The most important change from the original Qassed is the addition of a strap-on solid rocket booster to extend the range of the system. This feature is of course what differentiates the AGM-130 from the GBU-15. Unfortunately, the exact designation of the Qassed-3 remains unknown.

The next most significant change is that it may not be built around the Mk.84 warhead like the Qassed-1. While the difference is minor, the shaping of the bomb may indicate that at least one version of the Qassed-3 may use a penetrator rather then a general purpose bomb in the same way the AGM-130A uses the Mk.84 and the AGM-130C uses the BLU-109. This is visible in the slightly narrower body of the Qassed-3 and the way the slightly-oval warhead tapers into parallel lines before the point where it happens on the Qassed-1.  However, at this stage, the evidence is still far from definitive and further research must be done.

The seeker at the front of the warhead appears to be the same as on the other versions - a daylight TV camera derived from the AGM-65A. Unlike the others however which we can say may have been modified or supplemented in some way it would be impossible for this missile to function without some form of supplementary guidance. It's extreme range (for comparison, the AGM-130 has a range of around 65 km) means that some type of inertial navigation system would have to be used before the TV seeker could be engaged. A data-link would also enable the WSO to fly the missile before selecting a final target with the TV seeker. (17)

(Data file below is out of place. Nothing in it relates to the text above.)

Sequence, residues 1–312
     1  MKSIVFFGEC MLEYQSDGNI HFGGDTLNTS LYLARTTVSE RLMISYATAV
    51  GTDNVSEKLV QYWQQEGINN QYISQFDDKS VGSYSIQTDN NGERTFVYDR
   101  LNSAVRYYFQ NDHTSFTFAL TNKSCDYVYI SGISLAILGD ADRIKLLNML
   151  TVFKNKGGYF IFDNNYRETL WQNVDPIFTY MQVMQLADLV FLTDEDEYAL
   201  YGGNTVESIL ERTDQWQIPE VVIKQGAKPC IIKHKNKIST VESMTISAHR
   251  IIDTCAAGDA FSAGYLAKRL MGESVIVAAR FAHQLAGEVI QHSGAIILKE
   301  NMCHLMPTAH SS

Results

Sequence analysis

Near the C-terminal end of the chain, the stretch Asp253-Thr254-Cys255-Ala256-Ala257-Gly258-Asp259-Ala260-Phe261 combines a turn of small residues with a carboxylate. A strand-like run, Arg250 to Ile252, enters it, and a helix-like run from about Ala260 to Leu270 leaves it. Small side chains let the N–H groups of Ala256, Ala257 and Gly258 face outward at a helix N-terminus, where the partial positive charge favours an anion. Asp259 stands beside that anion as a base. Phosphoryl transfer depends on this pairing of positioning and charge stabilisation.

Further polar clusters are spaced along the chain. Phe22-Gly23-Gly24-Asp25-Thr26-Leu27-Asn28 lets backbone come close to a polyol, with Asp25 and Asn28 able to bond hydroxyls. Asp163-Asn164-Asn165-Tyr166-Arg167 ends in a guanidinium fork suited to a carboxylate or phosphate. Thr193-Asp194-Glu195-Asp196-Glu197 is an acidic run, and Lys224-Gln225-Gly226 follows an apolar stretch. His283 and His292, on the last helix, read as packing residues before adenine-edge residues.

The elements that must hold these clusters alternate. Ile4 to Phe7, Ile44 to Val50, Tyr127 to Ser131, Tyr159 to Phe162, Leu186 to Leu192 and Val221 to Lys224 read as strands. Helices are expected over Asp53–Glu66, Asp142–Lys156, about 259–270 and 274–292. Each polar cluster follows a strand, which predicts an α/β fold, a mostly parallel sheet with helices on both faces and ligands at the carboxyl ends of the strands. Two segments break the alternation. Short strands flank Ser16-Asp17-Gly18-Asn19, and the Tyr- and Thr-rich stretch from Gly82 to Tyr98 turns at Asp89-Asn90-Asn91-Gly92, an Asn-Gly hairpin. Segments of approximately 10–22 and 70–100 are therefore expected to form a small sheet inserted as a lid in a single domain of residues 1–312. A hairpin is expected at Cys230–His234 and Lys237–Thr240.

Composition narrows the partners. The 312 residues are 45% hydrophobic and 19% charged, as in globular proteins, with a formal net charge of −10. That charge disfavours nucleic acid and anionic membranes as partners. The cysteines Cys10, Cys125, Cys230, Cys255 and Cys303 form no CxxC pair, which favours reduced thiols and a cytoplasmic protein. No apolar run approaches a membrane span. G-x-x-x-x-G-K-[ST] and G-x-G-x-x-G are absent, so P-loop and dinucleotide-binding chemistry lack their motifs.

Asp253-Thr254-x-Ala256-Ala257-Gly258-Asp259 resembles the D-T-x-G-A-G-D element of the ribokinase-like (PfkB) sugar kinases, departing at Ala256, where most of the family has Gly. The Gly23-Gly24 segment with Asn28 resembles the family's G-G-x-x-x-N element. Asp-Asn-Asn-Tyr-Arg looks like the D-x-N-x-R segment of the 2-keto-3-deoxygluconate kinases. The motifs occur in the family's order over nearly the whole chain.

Assuming the missile was still being tested as of early 2011, it will still be some time before this weapon is fielded with Iran's fleet of F-4s.

The Sattar-1 (Star) is the first in Iran's family of indigenously developed laser-guided bombs and missiles. Oddly enough, it was not developed from the first laser-guided weapons that Iran ever received, the GBU-10. Instead it traces its history to the French AS-30L which Iran would have received in the several plane-loads full of spares and weapons that fled Iraq to escape the onslaught of US airpower in 1991.It is seen very rarely with the designation "Asre-67".
Sattar-1 (M-ATF)

Physically the missile is vaguely reminiscent of the AGM-65 crossed with the AIM-54. At the front of the missile is a semi-active laser homing (SALH) seeker derived from the AS-30L. (18) Behind the missile guidance section are four large cropped-delta wings also reminiscent of the AS-30L. Finally, at the tail-end of the missile is the solid-fuel rocket engine and four control surfaces mounted in the same cruciform pattern as the wings.

The model most often displayed to the public does not appear to be the final version of the missile. The Sattar-1C has a slightly different appearance though it's unclear in exactly what way the missile has been changed. (19)
Sattar-"1C" (Source Unknown)

The missile was reported to have entered production in 1999 and can be carried by both the F-4 and F-5. (20)

Specifications: Sattar-1 (21)
Length: 2.5 m
Diameter: 30 cm
Weight: 210 kg
Warhead: 55 kg HE
Range: 20 km

Possible design prototype for the Sattar-3. Only external difference between it and the Sattar-3 is a slightly shorter rocket engine.
Sattar-2 (Source Unknown)

The most frequently seen of the entire Sattar family, this missile is often seen on parades and static display. It is occasionally labelled with the designation "Asre-67". It is unclear the significance of this; one explanation would be that one is Iran's conventional designation and that the other is for development or external sale. Or then again, perhaps it's only to meant to confuse.